Kermode Bear

A Kermode Bear is known by the Aboriginal People of the Pacific North West as ‘The Spirit Bear ‘or ‘Ghost Bear’.  this sub-species of the Black Bear  lives only on and near Canada’s Pacific Northwest Coast.  This rare animal  is found on some of the larger remote islands of the North Coast and along the Skeena River which flows through the city of Terrace  before entering the Pacific Ocean 140km  to the west near Prince Rupert. Now a days the sighting of a Kermode bear is something that is very special and is an event that many wish for themselves. Black Bear and Grizzly show up more often in this and other areas. Kermode bear has a white thick fur. It is no an albino it is a true white bear.

In the middle in August as we drove along the Skeena River Valley area  we saw something white moving faraway. We stopped the car to check it out. By  now we are pretty much sure this is a rarely seen bear.  (estimates vary between 400 and 1000) The large white body in middle of the big green grass  seemed to enjoy eating plants and moved slowly. This Kermode that we saw it could be a male bear since it is without any cub and big body. Females are much smaller. We can guess for the weight this one should be more than 200 kg. as from the information that a male bear weight can reach up to 290 kg. Some people never have a chance to see the real one but it is often depicted in  picture and statues around the city.

Using zoom lens to get some impressive move of the beautiful bear, we watch it for a while  because we never know when will this pretty bear will show up again.


Scientists know how black bears are born white. They’re just not sure why. The phenomenon, known as Kermodism, is triggered by a recessive mutation at the MC1R gene, the same gene associated with red hair and fair skin in humans. To be born white, a bear must inherit the mutation from both parents. The parents themselves don’t have to be white. They just need to carry the recessive mutation. So it’s not uncommon for white bears to be born to black parents.
White fur occurs in only one of every 40 to 100 black bears on the British Columbia mainland coast, but the trait is especially pronounced on certain islands in the Great Bear Rainforest. On Princess Royal Island, one in ten black bears is white. On Gribbell Island, directly north of Princess Royal, it’s one in three. Biologist Wayne McCrory of the Valhalla Wilderness Society calls Gribbell “the mother island of the white bears.” – National Geographic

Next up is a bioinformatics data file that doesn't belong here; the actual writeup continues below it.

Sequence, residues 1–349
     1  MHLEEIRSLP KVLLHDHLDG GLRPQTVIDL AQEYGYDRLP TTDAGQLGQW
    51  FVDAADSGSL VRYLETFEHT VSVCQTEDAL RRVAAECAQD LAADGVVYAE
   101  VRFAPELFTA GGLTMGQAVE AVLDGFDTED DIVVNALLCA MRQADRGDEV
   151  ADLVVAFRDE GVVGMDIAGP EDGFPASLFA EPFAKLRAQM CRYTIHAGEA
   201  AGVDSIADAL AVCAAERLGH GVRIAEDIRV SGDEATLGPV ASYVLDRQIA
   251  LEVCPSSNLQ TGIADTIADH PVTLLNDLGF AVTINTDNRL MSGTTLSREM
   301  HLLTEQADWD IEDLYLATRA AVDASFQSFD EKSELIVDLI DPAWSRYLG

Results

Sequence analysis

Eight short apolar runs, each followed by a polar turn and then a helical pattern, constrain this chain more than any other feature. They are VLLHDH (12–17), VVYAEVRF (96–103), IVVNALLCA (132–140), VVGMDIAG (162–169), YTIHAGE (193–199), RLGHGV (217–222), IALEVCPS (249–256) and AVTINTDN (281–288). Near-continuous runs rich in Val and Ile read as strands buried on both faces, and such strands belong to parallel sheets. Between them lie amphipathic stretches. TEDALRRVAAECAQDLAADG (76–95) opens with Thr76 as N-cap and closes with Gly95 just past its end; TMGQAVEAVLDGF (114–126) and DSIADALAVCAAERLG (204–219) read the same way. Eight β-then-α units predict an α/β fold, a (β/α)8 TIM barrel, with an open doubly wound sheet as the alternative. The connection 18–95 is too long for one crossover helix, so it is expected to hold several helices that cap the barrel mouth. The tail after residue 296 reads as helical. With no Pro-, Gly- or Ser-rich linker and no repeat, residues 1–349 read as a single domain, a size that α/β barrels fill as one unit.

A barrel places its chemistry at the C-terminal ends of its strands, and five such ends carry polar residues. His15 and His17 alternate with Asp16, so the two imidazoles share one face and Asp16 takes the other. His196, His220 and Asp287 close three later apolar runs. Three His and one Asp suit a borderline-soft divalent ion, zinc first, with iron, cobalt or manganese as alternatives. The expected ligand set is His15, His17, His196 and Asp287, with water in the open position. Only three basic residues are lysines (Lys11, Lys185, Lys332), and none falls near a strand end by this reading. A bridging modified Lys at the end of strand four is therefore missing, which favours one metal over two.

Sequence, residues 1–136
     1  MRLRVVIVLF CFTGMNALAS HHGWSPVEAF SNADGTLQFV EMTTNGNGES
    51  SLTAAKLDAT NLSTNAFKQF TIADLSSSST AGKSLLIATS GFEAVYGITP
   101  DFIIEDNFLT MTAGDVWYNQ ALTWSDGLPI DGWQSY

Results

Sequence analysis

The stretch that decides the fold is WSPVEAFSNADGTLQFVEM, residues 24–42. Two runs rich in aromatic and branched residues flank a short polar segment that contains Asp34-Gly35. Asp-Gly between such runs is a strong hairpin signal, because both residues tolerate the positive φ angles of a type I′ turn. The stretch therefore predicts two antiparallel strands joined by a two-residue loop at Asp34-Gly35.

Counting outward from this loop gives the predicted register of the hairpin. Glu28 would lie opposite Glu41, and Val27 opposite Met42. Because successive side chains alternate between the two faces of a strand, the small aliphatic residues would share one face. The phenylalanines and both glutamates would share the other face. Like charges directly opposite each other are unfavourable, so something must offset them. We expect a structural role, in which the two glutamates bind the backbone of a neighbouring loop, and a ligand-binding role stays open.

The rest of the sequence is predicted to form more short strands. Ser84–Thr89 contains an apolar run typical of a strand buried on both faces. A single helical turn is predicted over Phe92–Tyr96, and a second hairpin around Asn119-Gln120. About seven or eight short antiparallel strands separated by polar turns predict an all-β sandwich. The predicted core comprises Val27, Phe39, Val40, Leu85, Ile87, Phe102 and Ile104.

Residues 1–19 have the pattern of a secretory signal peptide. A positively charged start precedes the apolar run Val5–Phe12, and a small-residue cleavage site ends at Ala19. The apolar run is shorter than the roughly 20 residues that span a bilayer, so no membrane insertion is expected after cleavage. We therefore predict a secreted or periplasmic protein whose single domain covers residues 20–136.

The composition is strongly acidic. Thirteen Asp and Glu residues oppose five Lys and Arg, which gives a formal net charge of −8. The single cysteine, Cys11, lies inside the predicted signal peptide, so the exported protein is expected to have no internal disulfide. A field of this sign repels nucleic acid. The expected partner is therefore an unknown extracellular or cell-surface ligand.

as normal scene… a man fishing at Skeena River.
The crossing track (left) for car across the Skeena River.
As a normal Scene a man fishing at Skeena River.
Skeena River is the main river of salmon and also the source  of food for Kermode bear.


  1. Amazing you saw a spirit bear! What a special moment. A blessing.
    Thank you for visiting my blog. I guess you found the posts about the places you’d like to go when the boat is ready. What an exciting adventure awaiting you. When do you think you’ll go?
    You certainly live in a beautiful place. We lived in Vancouver for many years so know the Pacific North West – a lovely part of the world. But we’ve never seen a spirit bear!

    1. Hi Alison-Don, Thank you for your kind comment. you are welcome and I am glad to know a nice blog where I can read about interesting place like cook island that we think to sail out there. I like to read about place and experienced or see long time photos, vision of life. thank you for sharing this place and experienced. we will test the boat in Spring and by our plan is beginning of summer. I will Keep update our work. 🙂

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